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Business - Written by on Wednesday, January 14, 2009 17:35 - 5 Comments

Wikinomics on Ice

I used to think that marketing NHL hockey to Canadians would make for some of the world’s most fail-safe jobs. This would be particularly true of CBC, broadcaster of the world’s oldest sports program, Hockey Night in Canada (HNIC). However, recent years have been challenging for HNIC and marketers at CBC.

HNIC used to be North America’s sole source for televised hockey games. For Canadians in particular, Saturday was synonomous with one thing: HNIC on CBC. But for years, fans have been asking, “What’s so special about Saturday night?” After all, basic cable broadcasts 2-3 games a week, and if you’re still looking for more, you can purchase the NHL Network (or a team-specific channel like LeafsTV), and watch hockey 7 nights a week. CBC clearly faces a challenge in maintaining the popularity of HNIC. So how exactly are they promoting their product?

As Andrea Bettello wrote here, many fans were outraged when the CBC sold the rights to the HNIC theme song in 2008 (for anyone outside of Canada, the HNIC theme song probably rivals ‘O Canada’ and ‘Happy Birthday’ as the tune most widely recognized by Canadians). But maybe CBC was on to something. After selling the theme song, they held a contest asking Canadians to write the new HNIC theme song, actively engaging thousands of fans in the process. But surely there are further steps CBC could take to engage and retain viewers. (Obviously they have taken such steps or this post would never have been written).

When I sat down to watch the Toronto Maple Leafs get beat by the Philadelphia Flyers on HNIC last Saturday night I wasn’t expecting any Wikinomics-related content from the CBC. But then I was struck by a commercial for ‘Hockey Night MashUp‘. On the Hockey Night MashUp site (which has been in operation since the start of the season), fans can create a mashup highlight reel using a selection of clips from HNIC broadcasts. With the application, fans can choose clips specific to their favourite team. Clips are even categorized (e.g. ‘Goals’ or ‘Celebrations’). Now, this may not seem all that cutting-edge. But, believe me, for HNIC, whose main draw for the past 20 years has been 74 year-old former NHL coach Don Cherry, this is innovative.

I’ve been watching HNIC since I was 3. There were no other games televised, at least in my cable-free home, at that time. Needless to say, HNIC is close to my heart and has special meaning. But in order to resonate with anyone who doesn’t have a deep-seated connection to their broadcasts, HNIC must engage viewers in innovative ways. They indeed seem to be doing so, and not without the help of Wikinomics principles.

(Also note that HNIC has paired with Tim Hortons [sic] on their ‘Every Cup Tells a Story’ campaign [as written about by Jude Fiorillo here], to introduce ‘Stories From the Rink‘).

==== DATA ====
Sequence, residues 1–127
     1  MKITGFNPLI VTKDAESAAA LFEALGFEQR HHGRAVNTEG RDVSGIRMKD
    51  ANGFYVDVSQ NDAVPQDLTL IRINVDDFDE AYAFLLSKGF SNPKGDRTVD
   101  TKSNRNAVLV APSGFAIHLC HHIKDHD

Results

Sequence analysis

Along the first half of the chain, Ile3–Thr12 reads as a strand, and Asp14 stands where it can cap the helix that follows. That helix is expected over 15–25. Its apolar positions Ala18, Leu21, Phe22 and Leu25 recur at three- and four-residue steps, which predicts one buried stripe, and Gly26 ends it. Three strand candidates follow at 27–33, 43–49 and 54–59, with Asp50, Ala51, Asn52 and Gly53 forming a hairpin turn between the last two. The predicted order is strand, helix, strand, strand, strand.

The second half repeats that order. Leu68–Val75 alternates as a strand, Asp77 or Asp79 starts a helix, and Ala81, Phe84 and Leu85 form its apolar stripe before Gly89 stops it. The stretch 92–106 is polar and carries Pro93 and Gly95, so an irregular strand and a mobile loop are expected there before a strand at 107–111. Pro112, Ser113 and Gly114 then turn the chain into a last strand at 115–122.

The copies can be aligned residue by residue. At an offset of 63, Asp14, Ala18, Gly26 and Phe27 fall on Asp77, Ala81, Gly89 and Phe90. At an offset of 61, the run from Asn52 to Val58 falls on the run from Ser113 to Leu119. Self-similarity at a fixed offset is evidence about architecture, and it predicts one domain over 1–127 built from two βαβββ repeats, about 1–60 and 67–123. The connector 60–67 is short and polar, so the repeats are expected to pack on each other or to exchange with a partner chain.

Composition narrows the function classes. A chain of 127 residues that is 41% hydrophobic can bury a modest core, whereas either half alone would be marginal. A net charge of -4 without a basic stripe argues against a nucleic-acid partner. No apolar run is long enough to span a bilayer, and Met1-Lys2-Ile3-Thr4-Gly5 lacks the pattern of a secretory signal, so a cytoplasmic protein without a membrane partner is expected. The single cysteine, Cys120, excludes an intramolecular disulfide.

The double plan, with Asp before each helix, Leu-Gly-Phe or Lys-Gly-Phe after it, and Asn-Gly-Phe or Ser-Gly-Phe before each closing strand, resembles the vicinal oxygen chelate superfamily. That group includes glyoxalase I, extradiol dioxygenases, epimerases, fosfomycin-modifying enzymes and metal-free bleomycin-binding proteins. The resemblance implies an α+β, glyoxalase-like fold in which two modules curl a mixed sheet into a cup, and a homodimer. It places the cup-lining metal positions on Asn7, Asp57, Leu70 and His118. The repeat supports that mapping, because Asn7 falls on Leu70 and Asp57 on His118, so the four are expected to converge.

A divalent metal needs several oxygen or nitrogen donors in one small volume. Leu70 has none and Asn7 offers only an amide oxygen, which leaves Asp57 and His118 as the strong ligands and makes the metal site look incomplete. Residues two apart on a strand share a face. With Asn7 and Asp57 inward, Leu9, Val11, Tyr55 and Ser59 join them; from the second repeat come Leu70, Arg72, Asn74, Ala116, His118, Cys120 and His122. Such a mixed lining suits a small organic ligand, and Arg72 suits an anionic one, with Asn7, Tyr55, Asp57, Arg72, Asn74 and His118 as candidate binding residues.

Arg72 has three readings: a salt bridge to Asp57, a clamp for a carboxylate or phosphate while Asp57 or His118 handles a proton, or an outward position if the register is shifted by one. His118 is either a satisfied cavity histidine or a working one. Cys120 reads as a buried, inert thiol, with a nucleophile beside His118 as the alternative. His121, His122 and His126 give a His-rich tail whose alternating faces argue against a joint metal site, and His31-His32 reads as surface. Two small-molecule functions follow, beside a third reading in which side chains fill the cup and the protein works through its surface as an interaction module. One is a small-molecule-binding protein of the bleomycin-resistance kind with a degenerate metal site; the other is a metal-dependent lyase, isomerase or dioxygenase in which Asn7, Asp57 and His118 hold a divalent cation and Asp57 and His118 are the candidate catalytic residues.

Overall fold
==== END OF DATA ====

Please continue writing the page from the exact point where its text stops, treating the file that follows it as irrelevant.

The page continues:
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hnic fan
Jan 14, 2009 18:46

With all of HNIC and CBC’s innovation, why aren’t games streamed live on their site and available on-demand.

If they want to engage fans, their has to be a reason to visit their site.

Without pragmatic useful innovation cbc will soon be a piece of the past.

Jeff Perron
Jan 15, 2009 17:29

Hi hnic fan,

Thanks for the comment.

CBC certainly is not at the height of innovation. In my opinion, the innovation won’t come until they are ultimately forced to do so by competition, as was the case with hockey broadcasts.

Part of the motivation for me to write about the (small) steps CBC has taken with HNIC was that I was caught off-guard by even this slight sign of creativity/innovation.

Being a public station, do you think the pressure to innovate is as heavy on CBC as it would be on privately-owned stations or on cable networks?

Jonah Freitas
Jan 15, 2009 18:54

I think that because CBC is public the funding as well as the willingness to take risks is greatly reduced. It seems as though CBC relies heavily on what is the ‘safe-choice’ and their partnership with the consumer beloved Tim Horton’s is a reflection of that. Speaking of competition, with CTVglobemedia slowly and surely taking over the world of sports coverage, namely the Vancouver 2010 Olympics, what can we expect in terms of innovation from CTVglobemedia in this regard and what will CBC do to make its sports programming exciting again?

Jeff Perron
Jan 16, 2009 11:24


That brings a lot of insight to the factors influencing CBC’s desire to play it safe.

Excellent point regarding the Olympics. I think that we’ll really see just how innovative “good ol’ CBC” is willing to get when CTV starts rolling out its Olympic and pre-Olympic broadcasts.

Thanks for the comment!

Wikinomics» Blog Archive » The story of a less-than-gracious foray into the 2.0 world
Apr 27, 2009 20:11

[...] It pains me to speak negatively of the Canadian Broadcasting Corporation’s (CBC) Hockey Night in Canada (HNIC). It really does. I take solace in the fact that back in January I praised HNIC’s foray into the Web 2.0 world w…. [...]

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